Australia

Australia's Labor opposition vows republic referendum

The Queen in Australia, 2006 Image copyright AFP
Image caption PM Malcolm Turnbull says a vote should not be held during the Queen's reign

Australia's Labor opposition has vowed to hold a referendum on whether the country should formally become a republic if it wins the next election.

Its leader, Bill Shorten, said the move "does not change our respect to the Queen for her service, but we are not Elizabethan, we are Australians".

He was referring to PM Malcolm Turnbull's description of himself as a "very strong Elizabethan", before meeting the Queen this month.

The last referendum was held in 1999.

Australia is a federal parliamentary constitutional monarchy, with the Queen as head of state.

Mr Shorten revealed the policy decision at the party's Queensland state conference in Townsville.

The referendum would be held in the first term of a Labor government, he said.

The Turnbull government returned to power in the 2016 federal election but with a razor-thin majority.

Barring dissolution, the next election must be held between August 2018 and May 2019 for half of state senators and before 2 November 2019 for the House of Representatives and for Senators from territories.

Mr Shorten said: "We will put a simple Yes or No question to the Australian people - do you support an Australian republic with an Australian head of state."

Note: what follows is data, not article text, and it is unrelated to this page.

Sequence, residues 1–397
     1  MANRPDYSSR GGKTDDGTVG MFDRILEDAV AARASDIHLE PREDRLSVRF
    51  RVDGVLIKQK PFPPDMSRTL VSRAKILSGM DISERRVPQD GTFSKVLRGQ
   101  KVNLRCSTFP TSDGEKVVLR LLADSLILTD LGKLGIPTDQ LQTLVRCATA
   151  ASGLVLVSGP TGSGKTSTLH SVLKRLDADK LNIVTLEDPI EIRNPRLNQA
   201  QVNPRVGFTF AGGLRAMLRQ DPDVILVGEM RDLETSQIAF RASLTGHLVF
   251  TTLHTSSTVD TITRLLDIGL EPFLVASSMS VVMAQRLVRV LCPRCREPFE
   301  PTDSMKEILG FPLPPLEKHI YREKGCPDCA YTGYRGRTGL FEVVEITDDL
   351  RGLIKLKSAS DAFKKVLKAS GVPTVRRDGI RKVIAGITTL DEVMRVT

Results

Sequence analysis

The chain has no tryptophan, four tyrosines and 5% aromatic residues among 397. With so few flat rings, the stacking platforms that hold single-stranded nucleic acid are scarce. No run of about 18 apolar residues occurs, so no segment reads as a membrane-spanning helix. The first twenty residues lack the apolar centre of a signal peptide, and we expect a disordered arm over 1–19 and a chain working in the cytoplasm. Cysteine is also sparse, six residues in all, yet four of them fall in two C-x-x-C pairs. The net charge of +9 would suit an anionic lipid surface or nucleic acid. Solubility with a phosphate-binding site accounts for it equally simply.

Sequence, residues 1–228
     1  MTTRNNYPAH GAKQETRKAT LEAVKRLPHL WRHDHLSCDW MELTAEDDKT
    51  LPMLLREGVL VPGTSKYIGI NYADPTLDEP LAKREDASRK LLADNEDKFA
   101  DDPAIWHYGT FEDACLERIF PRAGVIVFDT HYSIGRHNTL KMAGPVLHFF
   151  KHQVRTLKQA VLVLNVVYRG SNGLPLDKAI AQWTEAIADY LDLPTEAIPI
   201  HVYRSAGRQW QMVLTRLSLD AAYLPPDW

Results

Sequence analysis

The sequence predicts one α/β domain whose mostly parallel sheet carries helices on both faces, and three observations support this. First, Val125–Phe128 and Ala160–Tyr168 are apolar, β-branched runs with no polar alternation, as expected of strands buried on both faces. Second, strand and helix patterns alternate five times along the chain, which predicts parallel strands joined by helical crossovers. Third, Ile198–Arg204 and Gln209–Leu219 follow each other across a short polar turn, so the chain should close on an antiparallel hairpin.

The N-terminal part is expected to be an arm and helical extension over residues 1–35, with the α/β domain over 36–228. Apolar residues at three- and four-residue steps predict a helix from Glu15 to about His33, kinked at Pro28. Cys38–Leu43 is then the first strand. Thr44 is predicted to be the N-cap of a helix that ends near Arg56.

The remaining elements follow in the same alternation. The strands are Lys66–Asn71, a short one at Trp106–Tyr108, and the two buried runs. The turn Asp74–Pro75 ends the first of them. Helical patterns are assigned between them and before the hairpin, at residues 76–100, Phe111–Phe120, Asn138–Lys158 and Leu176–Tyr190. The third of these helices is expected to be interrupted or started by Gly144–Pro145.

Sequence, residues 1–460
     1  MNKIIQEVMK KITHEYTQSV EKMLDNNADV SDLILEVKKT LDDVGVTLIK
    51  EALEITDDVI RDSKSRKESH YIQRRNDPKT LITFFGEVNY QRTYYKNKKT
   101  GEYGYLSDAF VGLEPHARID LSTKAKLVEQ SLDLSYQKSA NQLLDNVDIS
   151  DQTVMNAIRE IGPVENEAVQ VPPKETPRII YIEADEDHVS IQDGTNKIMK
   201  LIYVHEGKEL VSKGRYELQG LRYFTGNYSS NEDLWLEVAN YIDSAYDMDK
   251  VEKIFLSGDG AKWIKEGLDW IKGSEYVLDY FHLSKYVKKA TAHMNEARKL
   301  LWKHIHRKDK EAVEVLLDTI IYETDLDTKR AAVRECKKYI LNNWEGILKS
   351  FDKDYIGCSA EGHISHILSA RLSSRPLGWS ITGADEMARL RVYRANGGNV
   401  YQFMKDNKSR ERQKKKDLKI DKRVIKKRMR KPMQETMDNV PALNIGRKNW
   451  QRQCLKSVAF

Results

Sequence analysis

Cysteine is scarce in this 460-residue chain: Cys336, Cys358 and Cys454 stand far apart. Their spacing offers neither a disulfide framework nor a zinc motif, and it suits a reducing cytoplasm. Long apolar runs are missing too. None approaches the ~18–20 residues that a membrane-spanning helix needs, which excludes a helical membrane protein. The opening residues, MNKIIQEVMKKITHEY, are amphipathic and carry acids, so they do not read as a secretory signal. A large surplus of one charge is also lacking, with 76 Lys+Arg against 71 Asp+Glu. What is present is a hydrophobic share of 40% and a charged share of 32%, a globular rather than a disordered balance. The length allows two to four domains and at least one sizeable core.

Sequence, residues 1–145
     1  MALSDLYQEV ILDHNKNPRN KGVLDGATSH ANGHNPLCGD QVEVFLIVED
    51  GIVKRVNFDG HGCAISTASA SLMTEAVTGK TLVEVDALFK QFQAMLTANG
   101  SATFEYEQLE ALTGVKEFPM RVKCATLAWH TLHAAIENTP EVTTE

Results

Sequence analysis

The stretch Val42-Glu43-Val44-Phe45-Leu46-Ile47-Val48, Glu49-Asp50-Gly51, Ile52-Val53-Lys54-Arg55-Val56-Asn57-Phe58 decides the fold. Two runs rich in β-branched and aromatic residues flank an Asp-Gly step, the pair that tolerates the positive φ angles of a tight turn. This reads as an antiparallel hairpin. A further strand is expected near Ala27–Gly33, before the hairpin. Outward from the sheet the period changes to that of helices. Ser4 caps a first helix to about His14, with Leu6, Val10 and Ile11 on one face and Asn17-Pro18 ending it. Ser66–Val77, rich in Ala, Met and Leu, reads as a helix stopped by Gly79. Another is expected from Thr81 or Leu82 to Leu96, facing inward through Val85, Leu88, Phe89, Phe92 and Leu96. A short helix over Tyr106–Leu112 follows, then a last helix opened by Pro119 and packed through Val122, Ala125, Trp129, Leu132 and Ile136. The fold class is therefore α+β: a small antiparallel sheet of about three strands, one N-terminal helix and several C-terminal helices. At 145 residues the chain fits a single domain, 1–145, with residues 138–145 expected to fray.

Image copyright EPA
Image caption Bill Shorten wants a simple Yes or No question

He said the country should avoid repeating the 1999 referendum, which offered two questions and set out a model for the republic that was rejected by voters by 54.87% to 45.13%.

Mr Turnbull was the leader of the republican movement at that time but since coming to power, he has said that no change should occur until the reign of Queen Elizabeth II ends.

But Mr Shorten said that Australia should not wait: "The British monarchy could hardly be described as an Australian patriot, or even a loyal citizen. They will never have to sign up to our so-called values."

Deputy Prime Minister Barnaby Joyce said the issue was not a priority for most Australians.

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